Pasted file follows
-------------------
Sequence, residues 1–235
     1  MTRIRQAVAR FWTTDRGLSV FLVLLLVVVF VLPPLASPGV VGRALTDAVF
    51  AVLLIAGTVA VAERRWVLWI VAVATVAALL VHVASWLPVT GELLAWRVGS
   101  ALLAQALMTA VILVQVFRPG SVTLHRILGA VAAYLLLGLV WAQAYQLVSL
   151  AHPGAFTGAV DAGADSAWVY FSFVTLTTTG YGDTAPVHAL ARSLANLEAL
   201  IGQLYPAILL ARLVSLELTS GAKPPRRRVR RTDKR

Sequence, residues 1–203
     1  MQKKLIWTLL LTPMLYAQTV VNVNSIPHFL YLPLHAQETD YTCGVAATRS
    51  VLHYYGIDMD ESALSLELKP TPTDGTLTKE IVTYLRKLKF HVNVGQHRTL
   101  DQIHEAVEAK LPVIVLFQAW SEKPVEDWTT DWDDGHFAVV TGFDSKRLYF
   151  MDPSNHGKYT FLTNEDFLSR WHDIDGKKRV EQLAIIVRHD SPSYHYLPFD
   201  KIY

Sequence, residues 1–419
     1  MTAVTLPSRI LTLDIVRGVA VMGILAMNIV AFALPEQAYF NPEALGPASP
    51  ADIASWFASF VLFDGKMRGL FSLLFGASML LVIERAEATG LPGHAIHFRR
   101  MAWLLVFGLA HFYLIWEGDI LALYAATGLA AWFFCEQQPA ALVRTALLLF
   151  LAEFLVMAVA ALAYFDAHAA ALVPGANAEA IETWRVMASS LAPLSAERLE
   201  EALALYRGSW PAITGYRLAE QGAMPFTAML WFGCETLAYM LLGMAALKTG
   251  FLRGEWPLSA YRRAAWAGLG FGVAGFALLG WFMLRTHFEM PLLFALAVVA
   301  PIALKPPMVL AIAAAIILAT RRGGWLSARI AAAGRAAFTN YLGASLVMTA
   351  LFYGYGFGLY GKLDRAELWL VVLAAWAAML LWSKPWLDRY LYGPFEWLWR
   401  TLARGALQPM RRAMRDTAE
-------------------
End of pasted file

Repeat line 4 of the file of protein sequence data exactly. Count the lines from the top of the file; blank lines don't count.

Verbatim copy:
   101  ALLAQALMTA VILVQVFRPG SVTLHRILGA VAAYLLLGLV WAQAYQLVSL